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Nature. 2005 Sep 8;437(7056):245-8.

Carbon losses from all soils across England and Wales 1978-2003.

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National Soil Resources Institute, Cranfield University, Silsoe MK45 4DT, UK.


More than twice as much carbon is held in soils as in vegetation or the atmosphere, and changes in soil carbon content can have a large effect on the global carbon budget. The possibility that climate change is being reinforced by increased carbon dioxide emissions from soils owing to rising temperature is the subject of a continuing debate. But evidence for the suggested feedback mechanism has to date come solely from small-scale laboratory and field experiments and modelling studies. Here we use data from the National Soil Inventory of England and Wales obtained between 1978 and 2003 to show that carbon was lost from soils across England and Wales over the survey period at a mean rate of 0.6% yr(-1) (relative to the existing soil carbon content). We find that the relative rate of carbon loss increased with soil carbon content and was more than 2% yr(-1) in soils with carbon contents greater than 100 g kg(-1). The relationship between rate of carbon loss and carbon content is irrespective of land use, suggesting a link to climate change. Our findings indicate that losses of soil carbon in England and Wales--and by inference in other temperate regions-are likely to have been offsetting absorption of carbon by terrestrial sinks.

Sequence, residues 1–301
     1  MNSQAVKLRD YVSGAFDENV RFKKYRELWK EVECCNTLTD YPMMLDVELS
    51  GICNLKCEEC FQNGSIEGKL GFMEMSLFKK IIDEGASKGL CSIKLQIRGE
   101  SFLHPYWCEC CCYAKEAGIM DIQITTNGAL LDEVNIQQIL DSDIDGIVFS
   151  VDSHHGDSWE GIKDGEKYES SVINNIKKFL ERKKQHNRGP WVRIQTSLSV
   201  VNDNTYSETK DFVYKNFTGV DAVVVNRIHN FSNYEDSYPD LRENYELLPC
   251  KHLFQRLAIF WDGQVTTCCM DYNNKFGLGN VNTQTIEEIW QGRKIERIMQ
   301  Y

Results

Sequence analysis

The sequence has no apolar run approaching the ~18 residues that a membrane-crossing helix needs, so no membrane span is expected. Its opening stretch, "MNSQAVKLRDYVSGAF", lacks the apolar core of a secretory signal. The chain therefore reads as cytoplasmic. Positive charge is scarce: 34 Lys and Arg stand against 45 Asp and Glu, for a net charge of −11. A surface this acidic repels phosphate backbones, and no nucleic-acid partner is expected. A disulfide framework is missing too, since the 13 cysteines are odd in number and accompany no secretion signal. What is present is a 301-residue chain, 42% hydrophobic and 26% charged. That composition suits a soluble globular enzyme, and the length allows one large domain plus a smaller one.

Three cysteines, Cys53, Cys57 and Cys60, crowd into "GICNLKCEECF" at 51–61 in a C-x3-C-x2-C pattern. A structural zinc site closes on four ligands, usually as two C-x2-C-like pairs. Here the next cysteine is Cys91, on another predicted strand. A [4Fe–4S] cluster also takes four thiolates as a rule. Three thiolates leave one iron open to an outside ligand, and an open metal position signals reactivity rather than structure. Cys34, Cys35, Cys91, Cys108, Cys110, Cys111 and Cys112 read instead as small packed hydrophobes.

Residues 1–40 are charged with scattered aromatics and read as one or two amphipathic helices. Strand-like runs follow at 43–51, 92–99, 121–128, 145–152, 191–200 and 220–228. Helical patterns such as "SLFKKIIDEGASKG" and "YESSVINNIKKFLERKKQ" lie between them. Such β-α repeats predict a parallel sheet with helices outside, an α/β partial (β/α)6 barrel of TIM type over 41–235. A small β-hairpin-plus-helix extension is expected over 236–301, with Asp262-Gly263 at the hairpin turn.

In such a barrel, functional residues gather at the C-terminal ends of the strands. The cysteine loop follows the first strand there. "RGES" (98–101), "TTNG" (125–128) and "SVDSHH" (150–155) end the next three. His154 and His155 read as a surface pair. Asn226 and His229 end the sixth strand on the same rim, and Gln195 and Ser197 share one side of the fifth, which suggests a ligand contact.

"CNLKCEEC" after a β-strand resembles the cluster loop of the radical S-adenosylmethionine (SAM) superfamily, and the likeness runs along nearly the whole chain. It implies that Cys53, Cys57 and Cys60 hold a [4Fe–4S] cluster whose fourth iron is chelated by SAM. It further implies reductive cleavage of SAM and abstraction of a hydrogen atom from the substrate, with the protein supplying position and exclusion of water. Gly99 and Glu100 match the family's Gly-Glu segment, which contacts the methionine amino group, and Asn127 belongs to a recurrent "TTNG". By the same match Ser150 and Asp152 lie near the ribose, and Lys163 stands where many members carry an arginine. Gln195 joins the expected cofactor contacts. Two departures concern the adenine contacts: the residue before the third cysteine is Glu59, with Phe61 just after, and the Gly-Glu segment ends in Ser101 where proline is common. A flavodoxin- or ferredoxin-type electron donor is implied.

[Indexed for MEDLINE]

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